Image result for GOLGI TENDON PIC

It’s a tendon that connects your muscles to your skeleton. This gets activated when you put your muscle under severe stress, like doing a heavy lifting session, so in order to not get torn the tendon sends signals to the brain saying “yo, pull the plug on this-he’s about to snap” .

That’s the reason you hear about people performing superhuman feats in life threatening situations. They tear every muscle and tendon in their body because their brain activates the muscles 100% sending them into Hulk mode. Same thing happened to the strongman legend Bill Kazmaier. He tore his pec muscle off the bone in competition and it never healed properly.

For those with a shorter attention span, the summary: Your brain allows you to use only about 60 to 80 percent of your muscular power. If you exert yourself to the limits of extreme stress, the Golgi tendon sends signals to your brain to stop the exertion.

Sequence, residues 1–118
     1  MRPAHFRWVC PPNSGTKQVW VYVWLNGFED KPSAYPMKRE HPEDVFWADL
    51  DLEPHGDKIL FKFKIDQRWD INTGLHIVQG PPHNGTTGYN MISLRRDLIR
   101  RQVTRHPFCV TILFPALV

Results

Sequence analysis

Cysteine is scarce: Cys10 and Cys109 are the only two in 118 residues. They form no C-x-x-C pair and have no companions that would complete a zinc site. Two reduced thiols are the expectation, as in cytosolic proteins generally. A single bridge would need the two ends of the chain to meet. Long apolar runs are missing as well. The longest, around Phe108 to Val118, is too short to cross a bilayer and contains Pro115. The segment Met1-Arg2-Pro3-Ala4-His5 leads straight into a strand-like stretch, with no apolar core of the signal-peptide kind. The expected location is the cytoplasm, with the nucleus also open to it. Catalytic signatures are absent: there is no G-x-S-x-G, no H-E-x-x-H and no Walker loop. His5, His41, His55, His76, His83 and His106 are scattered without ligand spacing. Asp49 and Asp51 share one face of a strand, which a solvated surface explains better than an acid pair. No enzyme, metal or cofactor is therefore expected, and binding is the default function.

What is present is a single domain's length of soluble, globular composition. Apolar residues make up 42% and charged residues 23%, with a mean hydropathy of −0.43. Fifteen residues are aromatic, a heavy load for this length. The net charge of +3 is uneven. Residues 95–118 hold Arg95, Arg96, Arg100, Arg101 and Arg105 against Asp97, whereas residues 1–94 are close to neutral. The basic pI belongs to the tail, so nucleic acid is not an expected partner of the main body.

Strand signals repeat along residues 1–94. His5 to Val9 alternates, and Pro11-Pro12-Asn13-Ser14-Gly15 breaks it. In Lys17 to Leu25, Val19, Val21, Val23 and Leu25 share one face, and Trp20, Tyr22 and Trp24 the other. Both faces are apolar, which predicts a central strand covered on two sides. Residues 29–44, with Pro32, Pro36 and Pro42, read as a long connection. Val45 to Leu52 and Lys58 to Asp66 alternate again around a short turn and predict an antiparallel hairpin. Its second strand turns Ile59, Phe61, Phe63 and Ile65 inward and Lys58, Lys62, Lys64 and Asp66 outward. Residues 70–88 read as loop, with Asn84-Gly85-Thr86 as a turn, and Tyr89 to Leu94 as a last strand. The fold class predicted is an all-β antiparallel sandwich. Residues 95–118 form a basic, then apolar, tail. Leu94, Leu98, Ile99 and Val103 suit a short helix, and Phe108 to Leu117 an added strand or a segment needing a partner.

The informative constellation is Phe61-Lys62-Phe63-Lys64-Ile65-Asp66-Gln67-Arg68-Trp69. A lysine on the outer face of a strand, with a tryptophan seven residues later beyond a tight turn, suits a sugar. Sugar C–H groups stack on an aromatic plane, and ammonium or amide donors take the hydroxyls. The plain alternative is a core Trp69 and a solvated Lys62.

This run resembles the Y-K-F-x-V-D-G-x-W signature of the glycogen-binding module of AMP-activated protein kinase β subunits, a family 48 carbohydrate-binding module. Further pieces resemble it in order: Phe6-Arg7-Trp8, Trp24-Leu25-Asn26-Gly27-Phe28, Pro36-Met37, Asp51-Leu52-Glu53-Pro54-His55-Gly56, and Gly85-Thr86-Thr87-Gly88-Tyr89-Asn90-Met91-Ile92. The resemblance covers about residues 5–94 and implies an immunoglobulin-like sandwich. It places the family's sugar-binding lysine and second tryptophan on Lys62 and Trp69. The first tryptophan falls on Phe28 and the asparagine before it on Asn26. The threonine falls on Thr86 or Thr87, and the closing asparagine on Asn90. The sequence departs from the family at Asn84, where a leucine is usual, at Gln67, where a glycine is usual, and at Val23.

Even if you unlock the full 100% of your muscular strength, it’s usually under life or death situations. This often results in complete severance of muscle tissue from the bone.

Check out some impressive bench press numbers on the next page…

Bench Press

Now with all that science jibber jabber out of the way, let’s start this off the best way possible, with the bench press. The history of record setting bench presses starts with an 19th century Russian wrestler named George Hackenschmidt who in 1898 pressed 361 lbs. Not as impressive as today’s records, but a big number nonetheless.

Image result for Georg Hackenschmidt bench press

Then in 1973, under International Powerlifting Federation’s rules, Don Reinhoudt bench pressed 580.04 lbs. That started the history of the modern powerlifting and bench press record breaking.

Today there are now two categories; geared and raw lifting. Lifting gear allows for better resistance against the weight while raw is pure savagery. So today’s record holders are Ryan Kennelly with 1075 lbs(w benching suit) and Kirill Sarychev with 730 lbs(raw). 


With those numbers in mind, how much more can we go? As mentioned in the paragraph above we do have limits, however there’s still room for more.

Fitness journalist Anthony Roberts says that we still have 50 to 100 pounds on the raw bench press before a plateau appears.